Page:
9 Pioneering Research Responding to an unmet demand for reliable research on the state, performance and opportunities in the cleantech area. Initiated preparation and publication of the first report on cleantech venture returns, exits and prospects. Report underwritten by sponsors – EnerTech Capital, Expansion Capital Partners, CDP, Rustic Canyon, Sustainable Asset Management, SDTC. First report provided preliminary data suggesting strong historical and projected returns to cleantech venture investors. Future reports will cover topics such as State of the Industry, VC Directory as well as more detailed data on investor returns

10 “Cleantech” – the Sustainable Venturing Opportunity Alongside the information revolution is an industrial revolution reshaping the design and manufacture of almost everything that we see around us. The revolutionary products being developed today have dramatic improvements over the old because they:  Are lighter, smarter and stronger.  Are cheaper to manufacture and operate.  Are less carbon-intensive and more energy efficient  Offer greater service utility per unit of material input  Enable virtually zero waste and/or emissions

11 Cleantech Segments Clean Energy Clean Water Cleaner Production Advanced Materials & Nanotechnology (e.g. catalysts and membranes) Information Technology & Internet (e.g. advanced meters and sensors) Cleantech is a category like biotech, not a sector. CONVERGENCE

12 Who are the Buyers? Pharmaceutical, Semiconductor and Thermoelectric companies who use large quantities of ultra pure water Automobile and Aircraft Manufacturers needing higher fuel efficiency from lighter materials Utilities and Large Energy Users demanding reliable, affordable and low carbon power supplies Consumer Electronics companies needing to reuse valuable components and materials Agricultural producers requiring safer and more precise inputs and products Logistics organizations seeking more efficient use of fleets and containers

13 Cleantech is not Envirotech Envirotech 1970s-80s Regulatory driven market Compliance-based purchasing “End-of-pipe” tech, eg scrubbers on smoke stacks Chemical science Traditional engineering Slow growth markets, eg waste management “Save the world” mentality Low IT use Cleantech mid 1990s - Economic market drivers Productivity-based purchasing “Front-of-pipe” tech, eg zero emission plants Biological & materials science Systems design & engineering Rapid growth markets, eg solar energy “Entrepreneurial” mentality High use of IT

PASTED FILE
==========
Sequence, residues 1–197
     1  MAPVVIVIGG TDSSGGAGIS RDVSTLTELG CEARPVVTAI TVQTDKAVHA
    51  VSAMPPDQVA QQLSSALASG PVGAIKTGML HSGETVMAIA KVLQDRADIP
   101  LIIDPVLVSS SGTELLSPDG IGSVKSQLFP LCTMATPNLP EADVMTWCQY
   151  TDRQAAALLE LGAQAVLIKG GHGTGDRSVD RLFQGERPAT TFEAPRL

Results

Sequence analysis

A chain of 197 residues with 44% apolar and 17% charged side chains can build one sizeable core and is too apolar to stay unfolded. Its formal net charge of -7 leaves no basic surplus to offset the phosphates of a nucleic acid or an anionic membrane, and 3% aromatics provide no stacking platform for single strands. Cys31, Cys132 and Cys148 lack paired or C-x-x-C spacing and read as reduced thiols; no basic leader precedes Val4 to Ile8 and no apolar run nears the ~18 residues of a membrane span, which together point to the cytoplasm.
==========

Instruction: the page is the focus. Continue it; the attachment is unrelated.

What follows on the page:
14 Cleantech - “Leapfrog” Opportunity The market for cleantech is rapidly developing due to a industrial restructuring and modernization; scientific and engineering advances in microelectronics, biology, chemistry and physics; changing socio-political values; and, deepening concern for environmental sustainability. Some clean technology markets are growing at compound annual rates of more than 20%, for instance those for solar energy and natural pesticides, as costs come down, products improve and consumer demand strengthens. Emerging fields such as nanotechnology offer the prospect of products that cost less, perform better, and sustainably satisfy human demand in ways that could not be done or imagined previously. The impact of cleantech is ubiquitous: there are large and highly disruptive market opportunities emerging in the multi-billion dollar agricultural, manufacturing and transportation sectors, as well as in the fundamental enabling areas of energy and water.

15 Example: Cleantech and Nanotech

16 Cleantech Examples Agriculture - bio-based materials, farm efficiency technologies, micro-irrigation systems and natural pesticides Energy - distributed and renewable energy generation and conversion (including fuel cells, geothermal, wind and photovoltaics); energy management systems; superconducting transmission; energy storage and power quality; key enabling technologies; and related Internet and information technology-based services Manufacturing - advanced packaging; high value materials recovery; natural chemistry; sensors; smart construction materials; and precision manufacturing instruments. Transportation - hybrid vehicles, lighter materials, smart logistics software and telecommuting Water - water recycling and ultra-filtration systems (UV and membrane based systems), sensors and automation systems and desalination equipment